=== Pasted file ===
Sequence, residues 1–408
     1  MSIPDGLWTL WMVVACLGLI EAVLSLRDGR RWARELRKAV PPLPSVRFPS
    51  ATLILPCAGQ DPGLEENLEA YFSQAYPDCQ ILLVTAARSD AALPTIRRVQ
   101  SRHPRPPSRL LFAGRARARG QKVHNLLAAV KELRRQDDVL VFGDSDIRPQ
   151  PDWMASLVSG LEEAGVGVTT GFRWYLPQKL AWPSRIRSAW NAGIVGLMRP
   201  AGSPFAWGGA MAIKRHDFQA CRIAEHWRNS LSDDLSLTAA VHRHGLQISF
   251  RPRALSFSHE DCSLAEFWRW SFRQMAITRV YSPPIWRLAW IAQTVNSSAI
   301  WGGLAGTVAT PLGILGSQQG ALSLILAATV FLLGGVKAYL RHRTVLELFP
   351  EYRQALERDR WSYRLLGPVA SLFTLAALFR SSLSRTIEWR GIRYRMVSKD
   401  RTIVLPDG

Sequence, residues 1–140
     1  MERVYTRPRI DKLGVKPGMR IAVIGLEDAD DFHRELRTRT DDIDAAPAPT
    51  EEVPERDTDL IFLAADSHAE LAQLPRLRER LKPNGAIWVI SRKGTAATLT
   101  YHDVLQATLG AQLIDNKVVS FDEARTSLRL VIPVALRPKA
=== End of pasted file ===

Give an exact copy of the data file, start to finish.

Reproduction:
Sequence, residues 1–408
     1  MSIPDGLWTL WMVVACLGLI EAVLSLRDGR RWARELRKAV PPLPSVRFPS
    51  ATLILPCAGQ DPGLEENLEA YFSQAYPDCQ ILLVTAARSD AALPTIRRVQ
   101  SRHPRPPSRL LFAGRARARG QKVHNLLAAV KELRRQDDVL VFGDSDIRPQ
   151  PDWMASLVSG LEEAGVGVTT GFRWYLPQKL AWPSRIRSAW NAGIVGLMRP
   201  AGSPFAWGGA MAIKRHDFQA CRIAEHWRNS LSDDLSLTAA VHRHGLQISF
   251  RPRALSFSHE DCSLAEFWRW SFRQMAITRV YSPPIWRLAW IAQTVNSSAI
   301  WGGLAGTVAT PLGILGSQQG ALSLILAATV FLLGGVKAYL RHRTVLELFP
   351  EYRQALERDR WSYRLLGPVA SLFTLAALFR SSLSRTIEWR GIRYRMVSKD
   401  RTIVLPDG

Sequence, residues 1–140
     1  MERVYTRPRI DKLGVKPGMR IAVIGLEDAD DFHRELRTRT DDIDAAPAPT
    51  EEVPERDTDL IFLAADSHAE LAQLPRLRER LKPNGAIWVI SRKGTAATLT
   101  YHDVLQATLG AQLIDNKVVS FDEARTSLRL VIPVALRPKA